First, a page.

Whether elected or appointed, occasionally a Board member runs into a question of, “So, You’re a Board Member. Now What?”. Just what does that means in terms of his or her POWER in regards to the school district? The usual mantra regarding the rights of individual board members is that individual board members have no greater, and no less, rights than any other citizen. If, therefore, an individual citizen can look at his or her student’s educational records, then so can a Board member. If an individual citizen can observe his or her child’s class, then so can a Board member.
While this comparison to the rights of a normal individual holds true most of the time, there are some areas where an individual citizen has rights that an individual board member does not. For instance, while an individual citizen can volunteer to serve, without pay, as a teacher at the school, an individual board member cannot. Op. Atty. Gen. I90-023 (R89-150). Similarly, where an individual citizen can contact each of the members of a school board to attempt to sway the members to vote a certain way on an issue, a member of the Board doing the same thing would be in violation of the Open Meeting Law. See: Agency Handbook, Open Meeting Law, §7.5.2 Circumvention of the Open Meeting Law.
In general, however, unless the governing board, acting in a properly noticed board meeting, votes to appoint a single board member to perform a task, a single board member, acting alone, cannot direct school officials to take an action or to forego taking an action. Only actions taken by the Board as a whole in a legally noticed Board meeting, subject to the provisions of the Open Meeting Law, are enforceable. See: Ahnert v. Sunnyside School Dist., 126 Ariz. 473, 475; 616 P.2d 933, 935 (App. 1980). In addition, the standard Arizona School Boards (ASBA) policy BCA on Board Ethics reminds Board members that the ethical board member shall “Take no private action that will compromise the Board or administration. . . .”
There are a few other areas where the rights of an ordinary citizen differ from that of a Board member. For instance, an ordinary citizen cannot access executive session minutes while a Board member can not only access executive session minutes for the meetings he or she attended, the Board member can also access executive session minutes that occurred even before the Board member became a member of the Board. Picture Rocks Fire Dist. v. Updike, 145 Ariz. 79, 699 P.2d 1310 (App. 1985).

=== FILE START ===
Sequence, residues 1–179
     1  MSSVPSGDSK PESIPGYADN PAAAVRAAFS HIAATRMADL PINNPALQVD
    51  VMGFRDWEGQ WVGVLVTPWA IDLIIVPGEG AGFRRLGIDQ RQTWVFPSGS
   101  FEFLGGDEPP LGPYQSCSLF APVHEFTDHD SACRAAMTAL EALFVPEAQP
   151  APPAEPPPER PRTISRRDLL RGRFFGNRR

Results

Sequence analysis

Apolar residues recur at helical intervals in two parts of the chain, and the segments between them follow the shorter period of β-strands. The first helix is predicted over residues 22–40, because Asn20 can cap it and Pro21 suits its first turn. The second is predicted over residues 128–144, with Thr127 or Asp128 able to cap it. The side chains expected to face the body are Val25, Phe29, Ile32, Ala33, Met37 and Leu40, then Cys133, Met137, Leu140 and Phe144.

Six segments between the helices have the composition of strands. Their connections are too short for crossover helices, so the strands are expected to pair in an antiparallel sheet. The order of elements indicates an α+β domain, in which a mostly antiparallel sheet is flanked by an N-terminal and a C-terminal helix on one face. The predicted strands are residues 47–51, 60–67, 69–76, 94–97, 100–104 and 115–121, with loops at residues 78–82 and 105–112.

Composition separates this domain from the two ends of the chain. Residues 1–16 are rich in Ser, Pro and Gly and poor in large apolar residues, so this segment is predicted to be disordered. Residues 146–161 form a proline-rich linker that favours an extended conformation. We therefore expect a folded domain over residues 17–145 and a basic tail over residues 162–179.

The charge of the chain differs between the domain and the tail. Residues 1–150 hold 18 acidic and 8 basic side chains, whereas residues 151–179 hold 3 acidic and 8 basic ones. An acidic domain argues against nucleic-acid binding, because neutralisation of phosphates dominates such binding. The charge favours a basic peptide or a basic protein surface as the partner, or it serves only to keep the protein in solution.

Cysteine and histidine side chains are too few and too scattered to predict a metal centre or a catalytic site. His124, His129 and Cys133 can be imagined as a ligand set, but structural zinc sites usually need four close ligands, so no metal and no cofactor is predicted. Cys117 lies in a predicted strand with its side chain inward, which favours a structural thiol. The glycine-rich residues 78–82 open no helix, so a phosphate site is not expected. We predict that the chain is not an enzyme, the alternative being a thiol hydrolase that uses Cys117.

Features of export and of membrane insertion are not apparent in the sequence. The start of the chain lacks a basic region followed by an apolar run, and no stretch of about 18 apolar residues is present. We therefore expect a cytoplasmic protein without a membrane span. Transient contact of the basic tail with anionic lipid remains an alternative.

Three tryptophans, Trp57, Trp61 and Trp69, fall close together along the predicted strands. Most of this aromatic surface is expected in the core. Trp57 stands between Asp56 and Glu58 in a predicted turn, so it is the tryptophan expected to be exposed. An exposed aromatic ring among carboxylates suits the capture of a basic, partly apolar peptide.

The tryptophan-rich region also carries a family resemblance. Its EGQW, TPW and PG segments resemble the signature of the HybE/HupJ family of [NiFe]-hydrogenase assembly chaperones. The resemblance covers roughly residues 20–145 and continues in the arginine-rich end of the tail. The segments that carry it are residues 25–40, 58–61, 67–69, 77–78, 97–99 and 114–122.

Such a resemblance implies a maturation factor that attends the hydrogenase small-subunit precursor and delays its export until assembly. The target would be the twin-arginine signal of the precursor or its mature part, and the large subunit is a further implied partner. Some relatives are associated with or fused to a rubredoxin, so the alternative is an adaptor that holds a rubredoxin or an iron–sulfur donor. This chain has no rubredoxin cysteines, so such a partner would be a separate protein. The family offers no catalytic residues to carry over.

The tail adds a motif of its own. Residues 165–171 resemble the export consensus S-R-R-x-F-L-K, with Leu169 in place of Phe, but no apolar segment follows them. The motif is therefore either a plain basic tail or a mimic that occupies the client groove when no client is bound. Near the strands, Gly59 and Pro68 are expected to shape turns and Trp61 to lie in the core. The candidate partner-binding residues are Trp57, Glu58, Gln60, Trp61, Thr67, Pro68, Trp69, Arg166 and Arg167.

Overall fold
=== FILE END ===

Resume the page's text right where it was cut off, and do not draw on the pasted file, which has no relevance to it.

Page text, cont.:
Most Districts which have adopted Arizona School Board Association (ASBA) policies have a method for an individual Board member to place an item on the agenda, even if the Superintendent and the Board President don’t want the item placed on the agenda. Policy BEDBA. A member of the public has no right to have an item placed on a Board agenda.
An ordinary citizen is not required to read the Arizona Open Meeting Law, but a Board member is required to read the law before taking office. A.R.S. §38-431.01 (G) states “A person elected or appointed to a public body shall review the open meeting law materials at least one day before that person takes office.”
ASBA has a number of opportunities for Board members to learn about their role in a District. If a Board member doesn’t have the time or inclination to attend training, however, ASBA policies dealing with a Board member’s ethical duties and responsibilities are listed in Section B of the Board policies.
This blog should be used for informational purposes only. It does not create an attorney-client relationship with any reader and should not be construed as legal advice. If you need legal advice regarding So, You’re a Board Member. Now What?, or other Education Law matters, please feel free to contact Candyce B. Pardee at 800.863.6718, log on to udallshumway.com, or contact an attorney in your area. Udall Shumway PLC is located in Mesa, Arizona with a branch office in Yuma, Arizona, and is a full service law firm. We assist Individuals, families, businesses, schools and municipalities in Mesa and the Phoenix/East Valley.
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